Participation in programme areas
HIV/AIDS and reproductive health
Living and Learning in a world with HIV/AIDS
HIV/AIDS at school/ UNESCO 2004
Three booklets – Young people acting together, Parents supporting young people, Teachers supporting young people - have been prepared as part of UNESCO’s response to the HIV/AIDS pandemic, aimed at promoting a supportive school environment of non-discrimination towards people who are infected and affected by HIV/AIDS: for young people, their teachers and their parents. All young people have the right to benefit from an education that meets their basic learning needs, regardless of HIV status. Schools are the ideal place to tackle the many issues surrounding HIV/AIDS. Schools are where facts and information are taught and learned, ideas are discussed and debated, and all kinds of messages are shared. School is a place where we should feel safe – where we can feel comfortable talking about sometimes uncomfortable subjects. A school which allows this comfortable, supportive environment to flourish is one where all students – and teachers – are accepted and treated with respect, regardless of the HIV/AIDS status.
HIV and AIDS Myth Buster
This booklet is based on common myths and misconceptions prevalent among college youth about HIV and AIDS and sex and sexuality. These myths came to light during focus group discussions conducted in colleges with peer leaders/educators as part of the baseline understanding. The booklet aims to address the questions, misconceptions and myths prevalent among the educated youth about HIV/AIDS and related issues. It is designed in a simple way of quoting questions and then giving short but strong responses in order to give young people practical rational and answers to their questions. It is hoped to constitute an important step in the journey towards empowering young people as agents of change. UNESCO supports the pilot project “Engaging Young People to Prevent the Spread of HIV” implemented by the NGO SPACE (Society for People’s Awareness, care and Empowering). The project was first operational in a number of colleges of Delhi University and aimed to enhance knowledge and skills of young people so that they are empowered to respond effectively to the challenges posed by HIV/AIDS.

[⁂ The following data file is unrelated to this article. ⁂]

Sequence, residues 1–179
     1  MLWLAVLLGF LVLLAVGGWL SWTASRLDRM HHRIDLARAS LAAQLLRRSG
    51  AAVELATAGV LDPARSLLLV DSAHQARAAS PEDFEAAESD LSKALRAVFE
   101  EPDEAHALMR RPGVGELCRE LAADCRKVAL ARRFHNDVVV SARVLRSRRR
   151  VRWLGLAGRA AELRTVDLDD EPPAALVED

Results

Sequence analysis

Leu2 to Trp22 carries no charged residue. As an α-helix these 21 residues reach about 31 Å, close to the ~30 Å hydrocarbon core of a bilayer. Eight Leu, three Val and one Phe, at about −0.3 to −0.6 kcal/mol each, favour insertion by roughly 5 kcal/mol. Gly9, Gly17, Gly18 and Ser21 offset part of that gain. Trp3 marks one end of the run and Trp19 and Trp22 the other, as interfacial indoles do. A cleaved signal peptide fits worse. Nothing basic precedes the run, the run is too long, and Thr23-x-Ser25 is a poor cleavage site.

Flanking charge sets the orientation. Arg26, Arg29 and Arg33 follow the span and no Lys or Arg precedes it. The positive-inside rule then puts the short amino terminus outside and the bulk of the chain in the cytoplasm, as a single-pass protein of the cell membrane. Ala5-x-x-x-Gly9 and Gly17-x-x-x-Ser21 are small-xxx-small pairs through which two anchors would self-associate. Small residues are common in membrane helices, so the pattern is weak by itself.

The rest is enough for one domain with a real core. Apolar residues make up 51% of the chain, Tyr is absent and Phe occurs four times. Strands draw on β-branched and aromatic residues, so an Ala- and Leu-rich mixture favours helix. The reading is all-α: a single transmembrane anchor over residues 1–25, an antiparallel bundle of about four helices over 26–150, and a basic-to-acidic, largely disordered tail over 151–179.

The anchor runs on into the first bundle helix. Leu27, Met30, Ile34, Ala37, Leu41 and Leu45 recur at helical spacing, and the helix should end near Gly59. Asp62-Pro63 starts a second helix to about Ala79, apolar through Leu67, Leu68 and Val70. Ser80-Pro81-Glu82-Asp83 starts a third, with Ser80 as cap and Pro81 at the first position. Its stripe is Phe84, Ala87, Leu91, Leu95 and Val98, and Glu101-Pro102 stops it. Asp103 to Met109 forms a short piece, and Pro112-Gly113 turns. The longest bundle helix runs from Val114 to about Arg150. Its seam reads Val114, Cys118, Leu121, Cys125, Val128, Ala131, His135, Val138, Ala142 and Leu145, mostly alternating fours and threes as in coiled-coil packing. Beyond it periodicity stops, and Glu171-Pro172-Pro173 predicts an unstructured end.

Barker, Gary, Engaging Young Men in Gender-Based Violence Prevention and Sexual and Reproductive Health Promotion, Instituto PROMUNDO, Brazil, 2002. (Also available in PDF)
This report shares experiences in working with young men in violence prevention and in promoting reproductive and sexual health. It emphasizes the need to focus more on young men to redress gender inequalities. It also gives recommendations for active involvement of young men in these programmes.
Dunn, Alison, ‘HIV/AIDS: What about Very Young Children?’ in Early Childhood Development, Young Children and HIV/AIDS Sub-Series, Working Paper 35, Bernard van Leer Foundation, The Hague, 2005.
Young children affected by HIV and AIDS are often invisible in the wider HIV/AIDS field. This paper looks at what can be done to include very young children in programming and policy responses in HIV/AIDS-affected communities.
Available for download:
FHI-YouthNet, Youth Participation in Reproductive Health and HIV/AIDS Programs, YouthNet, 2003.
This working paper reviews published and unpublished work on youth participation in reproductive health promotion and HIV prevention. It gives examples of successful programmes and interventions and also discusses the challenges of this approach.
Marx, Maxwell, William Finger and Hally Mahler (eds.), Youth Participation Guide: Assessment, planning and implementation, YouthNet and Family Health International in collaboration with Advocates for Youth, ISBN 0 939704 93 5, Arlington, VA, USA, 2005.
The Youth Participation Guide seeks to increase the level of meaningful youth participation in reproductive health and HIV/AIDS programming at an institutional and programmatic level. The target audience includes senior and middle management, programme managers, staff involved in implementing activities and young people.
PATH, Games for Adolescent Reproductive Health: An international handbook, PATH, 2002.
This manual includes games, ice breakers and other activities on reproductive health, that can be adapted to different cultures and contexts. Games engage learners and allow them to work through subjects in a relaxed yet challenging way.
Peace Corps, Life Skills Manual, Peace Corps, 2000.